Although overshadowed by the Navy's LFA/LFS program, the Scripps Institution of Oceanography's Acoustic Thermometry of Ocean Climate (ATOC) project and the associated Marine Mammal Research Program (MMRP) continue to operate despite grave concerns about their potential impact on marine mammals. These concerns appeared to be confirmed in November 1995 when three dead humpback whales were found in the vicinity of the California source after it had been operated unmonitored for several days (in violation of its permits and its agreement with six environmental groups). One whale was buried and the other two were lost at sea; the cause of their deaths was never determined. The MMRP scientists made the unsupported assumption that the ATOC source was not sufficiently intense to kill any whales, and so the program has continued.
Now our concerns have been raised again, by the appearance in November and December 1997 of two dead whales in the vicinity of the Hawaii source. The first dead whale was found by fishermen off the north shore of Kauai (where the sound source is located) on November 10, a few days after the source began operation. The sound transmissions were suspended for several days while a search to confirm the sighting was conducted, however the whale was not found. Then, on December 2, a dead juvenile sperm whale washed up on a beach on the northeast shore of Oahu at Malaekahana Beach. The whale was reportedly disposed of at the city landfill, with no attempt to determine the cause of death.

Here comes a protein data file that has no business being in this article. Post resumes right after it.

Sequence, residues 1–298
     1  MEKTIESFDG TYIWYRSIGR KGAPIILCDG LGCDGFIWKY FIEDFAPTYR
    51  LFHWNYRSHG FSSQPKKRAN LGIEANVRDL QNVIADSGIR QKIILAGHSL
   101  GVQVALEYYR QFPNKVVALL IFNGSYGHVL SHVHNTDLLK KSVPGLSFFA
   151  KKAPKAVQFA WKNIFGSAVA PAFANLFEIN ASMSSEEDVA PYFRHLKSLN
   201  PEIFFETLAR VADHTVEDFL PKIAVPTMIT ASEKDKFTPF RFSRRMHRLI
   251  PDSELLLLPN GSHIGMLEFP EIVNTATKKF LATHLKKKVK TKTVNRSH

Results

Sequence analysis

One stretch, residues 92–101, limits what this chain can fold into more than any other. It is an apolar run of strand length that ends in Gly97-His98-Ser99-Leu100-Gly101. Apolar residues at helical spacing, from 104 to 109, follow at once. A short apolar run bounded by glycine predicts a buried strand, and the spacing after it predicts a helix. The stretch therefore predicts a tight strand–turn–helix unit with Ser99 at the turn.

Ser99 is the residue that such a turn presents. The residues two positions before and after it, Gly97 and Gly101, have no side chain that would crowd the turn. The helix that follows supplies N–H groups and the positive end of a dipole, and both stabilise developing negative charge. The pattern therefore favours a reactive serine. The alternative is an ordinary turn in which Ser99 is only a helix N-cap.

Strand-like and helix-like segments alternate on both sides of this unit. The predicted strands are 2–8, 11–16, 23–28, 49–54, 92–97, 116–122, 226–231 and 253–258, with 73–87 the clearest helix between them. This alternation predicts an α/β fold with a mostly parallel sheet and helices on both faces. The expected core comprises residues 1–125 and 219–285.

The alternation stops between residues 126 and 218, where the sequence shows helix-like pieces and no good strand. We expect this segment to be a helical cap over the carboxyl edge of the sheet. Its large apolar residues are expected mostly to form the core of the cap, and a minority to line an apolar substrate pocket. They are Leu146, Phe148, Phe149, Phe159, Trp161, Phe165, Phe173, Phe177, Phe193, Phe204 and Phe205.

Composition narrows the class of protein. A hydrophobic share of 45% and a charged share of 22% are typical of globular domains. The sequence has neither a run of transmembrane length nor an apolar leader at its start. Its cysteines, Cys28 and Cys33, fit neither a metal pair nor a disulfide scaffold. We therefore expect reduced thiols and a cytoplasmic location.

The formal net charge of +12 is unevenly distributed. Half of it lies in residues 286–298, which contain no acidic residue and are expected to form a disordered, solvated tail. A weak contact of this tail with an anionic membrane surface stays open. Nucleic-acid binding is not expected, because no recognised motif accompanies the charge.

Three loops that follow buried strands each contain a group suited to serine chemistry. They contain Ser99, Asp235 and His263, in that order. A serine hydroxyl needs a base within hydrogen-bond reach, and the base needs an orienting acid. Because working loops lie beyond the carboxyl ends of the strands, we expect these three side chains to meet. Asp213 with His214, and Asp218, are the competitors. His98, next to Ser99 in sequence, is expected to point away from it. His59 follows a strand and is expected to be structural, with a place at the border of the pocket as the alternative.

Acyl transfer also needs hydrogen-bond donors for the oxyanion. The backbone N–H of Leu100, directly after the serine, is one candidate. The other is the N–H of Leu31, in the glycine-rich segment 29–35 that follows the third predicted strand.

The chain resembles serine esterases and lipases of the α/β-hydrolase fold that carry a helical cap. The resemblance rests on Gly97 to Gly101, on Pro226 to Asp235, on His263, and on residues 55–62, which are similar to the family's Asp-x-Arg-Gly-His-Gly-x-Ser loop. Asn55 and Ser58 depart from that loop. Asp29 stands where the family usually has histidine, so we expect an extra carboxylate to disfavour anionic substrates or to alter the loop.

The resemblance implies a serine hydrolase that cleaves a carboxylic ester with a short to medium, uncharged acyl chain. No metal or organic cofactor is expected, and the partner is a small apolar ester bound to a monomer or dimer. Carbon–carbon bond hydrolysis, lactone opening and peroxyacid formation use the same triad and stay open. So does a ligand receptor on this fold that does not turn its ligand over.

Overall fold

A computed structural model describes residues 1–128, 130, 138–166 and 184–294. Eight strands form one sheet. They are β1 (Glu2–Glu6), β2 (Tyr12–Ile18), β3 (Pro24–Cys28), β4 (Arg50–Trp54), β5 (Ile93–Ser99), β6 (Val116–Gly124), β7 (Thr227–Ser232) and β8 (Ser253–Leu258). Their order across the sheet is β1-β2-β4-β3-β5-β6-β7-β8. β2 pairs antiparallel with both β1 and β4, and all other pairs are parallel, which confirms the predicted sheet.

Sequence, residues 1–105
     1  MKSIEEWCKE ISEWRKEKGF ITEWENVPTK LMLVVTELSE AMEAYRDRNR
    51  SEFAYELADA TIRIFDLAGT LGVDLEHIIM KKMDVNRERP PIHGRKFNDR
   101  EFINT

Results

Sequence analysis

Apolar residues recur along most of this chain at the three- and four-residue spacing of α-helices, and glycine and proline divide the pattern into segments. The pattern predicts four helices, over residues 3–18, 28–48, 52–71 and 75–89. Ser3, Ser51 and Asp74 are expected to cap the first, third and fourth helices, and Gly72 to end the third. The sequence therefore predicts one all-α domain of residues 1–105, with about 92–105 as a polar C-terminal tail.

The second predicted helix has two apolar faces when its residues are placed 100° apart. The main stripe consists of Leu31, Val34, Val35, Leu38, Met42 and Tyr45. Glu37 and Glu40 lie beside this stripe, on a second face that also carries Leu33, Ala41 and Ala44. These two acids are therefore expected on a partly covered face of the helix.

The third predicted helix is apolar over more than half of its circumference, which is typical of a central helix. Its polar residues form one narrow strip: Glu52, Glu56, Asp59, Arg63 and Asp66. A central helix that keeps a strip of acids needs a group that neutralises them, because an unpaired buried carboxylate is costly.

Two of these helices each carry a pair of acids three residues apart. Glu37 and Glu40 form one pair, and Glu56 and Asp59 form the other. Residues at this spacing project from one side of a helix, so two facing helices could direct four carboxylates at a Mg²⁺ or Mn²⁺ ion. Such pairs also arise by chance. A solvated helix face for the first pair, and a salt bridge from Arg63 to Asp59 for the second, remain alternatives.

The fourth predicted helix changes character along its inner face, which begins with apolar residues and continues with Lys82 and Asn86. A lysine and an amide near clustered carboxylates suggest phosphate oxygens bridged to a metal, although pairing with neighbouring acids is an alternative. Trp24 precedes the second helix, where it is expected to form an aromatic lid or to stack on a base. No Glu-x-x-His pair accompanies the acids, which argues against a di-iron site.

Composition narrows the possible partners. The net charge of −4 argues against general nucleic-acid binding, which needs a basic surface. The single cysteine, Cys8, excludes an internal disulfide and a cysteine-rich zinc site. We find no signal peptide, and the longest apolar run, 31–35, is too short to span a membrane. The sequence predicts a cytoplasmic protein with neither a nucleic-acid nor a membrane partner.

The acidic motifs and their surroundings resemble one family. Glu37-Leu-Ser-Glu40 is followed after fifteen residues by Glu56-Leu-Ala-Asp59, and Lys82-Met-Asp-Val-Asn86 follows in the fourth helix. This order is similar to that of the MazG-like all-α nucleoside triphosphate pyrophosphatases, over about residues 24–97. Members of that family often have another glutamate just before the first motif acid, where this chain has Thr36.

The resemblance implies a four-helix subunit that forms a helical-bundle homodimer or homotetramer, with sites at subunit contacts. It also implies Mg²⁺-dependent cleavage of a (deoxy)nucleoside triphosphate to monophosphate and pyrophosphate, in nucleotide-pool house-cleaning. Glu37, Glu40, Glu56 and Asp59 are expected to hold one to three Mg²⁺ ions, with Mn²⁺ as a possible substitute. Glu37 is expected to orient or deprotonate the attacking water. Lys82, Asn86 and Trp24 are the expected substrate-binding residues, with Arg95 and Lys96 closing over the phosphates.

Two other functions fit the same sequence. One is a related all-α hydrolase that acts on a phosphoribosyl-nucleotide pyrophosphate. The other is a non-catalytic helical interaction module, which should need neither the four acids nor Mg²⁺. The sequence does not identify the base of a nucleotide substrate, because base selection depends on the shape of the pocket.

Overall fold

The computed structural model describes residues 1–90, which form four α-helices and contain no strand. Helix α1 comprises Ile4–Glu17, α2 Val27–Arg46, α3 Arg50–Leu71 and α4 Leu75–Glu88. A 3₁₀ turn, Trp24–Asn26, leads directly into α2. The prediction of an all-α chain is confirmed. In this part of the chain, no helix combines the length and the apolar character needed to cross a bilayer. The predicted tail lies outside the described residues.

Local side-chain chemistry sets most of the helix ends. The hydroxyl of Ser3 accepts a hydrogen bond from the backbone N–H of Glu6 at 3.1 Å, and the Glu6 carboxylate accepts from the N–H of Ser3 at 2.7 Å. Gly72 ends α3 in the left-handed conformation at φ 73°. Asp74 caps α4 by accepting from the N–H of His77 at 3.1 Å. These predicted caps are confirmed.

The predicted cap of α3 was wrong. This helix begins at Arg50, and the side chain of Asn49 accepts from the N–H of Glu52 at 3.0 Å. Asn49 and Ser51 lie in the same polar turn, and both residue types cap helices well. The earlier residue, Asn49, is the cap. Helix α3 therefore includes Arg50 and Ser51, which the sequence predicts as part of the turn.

As with the 1995 incidents, there is no proof that the ATOC source killed either of these whales. However, if the source did kill them, we would not know it, and that is a serious problem. The research is designed only to determine if whales display avoidance behavior toward the ATOC sources. Apparently there is no place on the chart for dead whales, so they are dismissed as irrelevant. But we now have five dead whales associated with ATOC. How many more whales will die before we find out why?
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